Most hoteliers learn at a range of properties before becoming a general manager. But Ralph Mahana, GM at the Windsor Court Hotel in New Orleans, has been employed by the hotel for his entire professional career, staying with the property that opened in the year he was born and where he felt a deep family connection.
Mahana was a student at New Orleans’ Tulane University in 2005 when Hurricane Katrina devastated the city and destroyed his family’s home. Wanting to help them rebuild, he knew he needed a job that would give him time to complete his studies. After trying some local restaurant work, at the suggestion of a friend he decided to look into hospitality—and knew exactly where he wanted to go. When young Ralph was growing up, the Mahana family had a standing reservation at the hotel’s Grill Room restaurant almost every Friday night. “I had grown up at the Windsor Court hotel,” he recalled. Working there, he figured, would not only celebrate the good memories from his childhood, but help make new ones.
When he applied at the hotel, he was offered the chance to work in the restaurant or work nights as a bellman and front-desk agent. “I didn’t want to get too attached to a tips position,” he said, and opted for the night shift. “I just fell in love with it right away. I wanted to start off in the front of house and I wanted to talk to people.” He also loved his hometown and was able to share that love with the guests as the city continued rebuilding. Those interests gave him a strong taste for hospitality and he decided to turn the night job into his career.
During those first years at the hotel, Mahana describes himself as being like a sponge. “I wanted to learn as much as I possibly could,” he said. “And I didn’t really have a lot of patience than. I wanted to move up. I wanted to go from overnight front-desk agent to rooms director as quickly as possible.” After graduating from Tulane with a degree in finance (and serving the families of his fellow students who stayed at the hotel), he moved up to front-office manager, but after a year-in-a-half in that role, he “begged” management to move him into the housekeeping division. “I really wanted it to be well-rounded in the rooms division,” he said. He spent nearly two years as assistant executive director of housekeeping, which he calls the most gratifying job he has had in his time at the hotel.
Still seeking advancement, he joined the hotel’s restaurant team as food-and-beverage manager. “Who’s going to give a guy who [has hardly] any restaurant experience a management position?” he asked “There was a four-year period where I really had the same level of job, and that really taught me patience because I was so motivated by what I was learning and what effect I had on teams and what effects they had on me. I credit those years with my ultimate success in this industry.”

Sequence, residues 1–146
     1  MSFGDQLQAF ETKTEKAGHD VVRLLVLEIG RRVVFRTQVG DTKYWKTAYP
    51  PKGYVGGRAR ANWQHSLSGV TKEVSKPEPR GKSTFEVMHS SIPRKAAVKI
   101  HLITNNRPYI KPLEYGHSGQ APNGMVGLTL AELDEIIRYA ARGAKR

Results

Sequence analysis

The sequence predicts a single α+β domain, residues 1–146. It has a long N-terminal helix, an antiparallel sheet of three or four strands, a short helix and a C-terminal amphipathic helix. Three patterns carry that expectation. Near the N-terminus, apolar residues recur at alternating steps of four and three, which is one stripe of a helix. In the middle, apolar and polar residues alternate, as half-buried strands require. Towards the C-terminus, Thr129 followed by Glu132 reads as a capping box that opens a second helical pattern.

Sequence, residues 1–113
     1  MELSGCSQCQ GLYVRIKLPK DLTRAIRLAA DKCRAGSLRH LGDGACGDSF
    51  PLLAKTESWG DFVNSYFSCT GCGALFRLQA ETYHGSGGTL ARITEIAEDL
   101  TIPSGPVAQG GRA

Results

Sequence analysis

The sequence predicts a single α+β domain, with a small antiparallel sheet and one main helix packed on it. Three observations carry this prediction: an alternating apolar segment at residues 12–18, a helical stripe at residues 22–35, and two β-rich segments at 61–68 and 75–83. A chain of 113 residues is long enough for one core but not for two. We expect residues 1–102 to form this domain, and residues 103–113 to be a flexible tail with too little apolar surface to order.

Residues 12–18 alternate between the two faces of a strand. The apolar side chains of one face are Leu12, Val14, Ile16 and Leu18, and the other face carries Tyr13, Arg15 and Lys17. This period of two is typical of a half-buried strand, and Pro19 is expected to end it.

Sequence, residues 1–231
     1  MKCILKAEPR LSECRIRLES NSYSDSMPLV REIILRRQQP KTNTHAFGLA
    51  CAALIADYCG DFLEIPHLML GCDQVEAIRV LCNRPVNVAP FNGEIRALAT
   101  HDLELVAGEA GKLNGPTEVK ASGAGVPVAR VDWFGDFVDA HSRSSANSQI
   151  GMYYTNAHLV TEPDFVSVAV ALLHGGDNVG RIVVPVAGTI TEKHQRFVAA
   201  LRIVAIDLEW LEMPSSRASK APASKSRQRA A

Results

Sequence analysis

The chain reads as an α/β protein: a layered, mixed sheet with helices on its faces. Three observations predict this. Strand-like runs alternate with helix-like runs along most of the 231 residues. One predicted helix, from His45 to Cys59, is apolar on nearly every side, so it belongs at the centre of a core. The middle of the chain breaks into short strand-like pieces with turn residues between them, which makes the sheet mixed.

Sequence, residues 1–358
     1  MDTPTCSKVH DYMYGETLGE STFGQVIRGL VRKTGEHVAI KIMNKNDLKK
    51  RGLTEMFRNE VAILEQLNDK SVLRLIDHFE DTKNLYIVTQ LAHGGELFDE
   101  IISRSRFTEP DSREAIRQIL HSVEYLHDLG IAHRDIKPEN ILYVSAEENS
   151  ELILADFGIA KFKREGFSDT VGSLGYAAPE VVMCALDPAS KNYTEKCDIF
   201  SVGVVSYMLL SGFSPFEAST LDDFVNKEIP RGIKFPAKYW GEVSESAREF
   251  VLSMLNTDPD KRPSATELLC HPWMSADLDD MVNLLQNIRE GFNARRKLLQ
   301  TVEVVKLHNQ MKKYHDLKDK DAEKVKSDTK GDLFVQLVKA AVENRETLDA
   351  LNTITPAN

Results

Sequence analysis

Over the years, Mahana had several offers from other hotels, including the chance to jump straight to general manager. “I talked to ownership and I talked to my predecessor and I just still had so much to accomplish here,” he recalled. Those goals went beyond personal achievement to the overall success of the hotel where he had spent so many hours with his family. “I felt like I could have a really positive effect there,” he recalled. He turned down the job offers and stayed on, becoming director of rooms and then assistant general manager. “And then, four months later, my general manager said, ‘I’m moving on.” Mahana took over in mid-2018.
While rising through the ranks at one property over more than 10 years is not the normal path to the top, Mahana sees his progress as a journey toward his ultimate goal of leadership. “You have to think about what you want,” he said. “I had goals even before I had the positions [that would let me] attain those goals within the hotel. The overall success of the hotel became more important to me than my individual success—and I think that led to a lot of individual success.”
Ralph Mahana’s Advice for GMs
Think about your overall goal, the overall picture of what you’re trying to do outside of just individually. Because, really, we’re all trying to win no matter what we do for a living. Good leaders make everyone around them better even if it’s not within their department.
Challenge: In my first months, I wasn’t necessarily ready for the response from the community and the response from the customers.
Success: You have to time-manage and [balance] personal life versus professional life, and a lot of those combine now. A lot of things I used to do socially are now professional as well.
Ralph Mahana’s Secrets to Success:
Listen and learn: Obviously, you want to treat everybody fairly, but you can’t necessarily take the same approach with every single person. Everybody’s different. They react differently to things. So you really can’t put yourself in their shoes. But what you can do is you can listen and you can learn.
Think of the bigger picture: Don’t create an atmosphere where you have a bunch of people just making decisions based on what they think you want them to do. [They should] make decisions based on their individual belief of what is the best possible decision for the hotel ownership; customers, internal and external; and then the city that you’re in.
Walk what you talk: You’ve got to be a problem-solver. Even if it’s something as simple as a hole in a uniform, if you say you’re going to rectify this, you really have to do it in a timely fashion.
Windsor Court Hotel Stats
Opening Year: 1984 / Owner: Windsor Court LLC / Management: Aimbridge Hospitality / Guestrooms: 316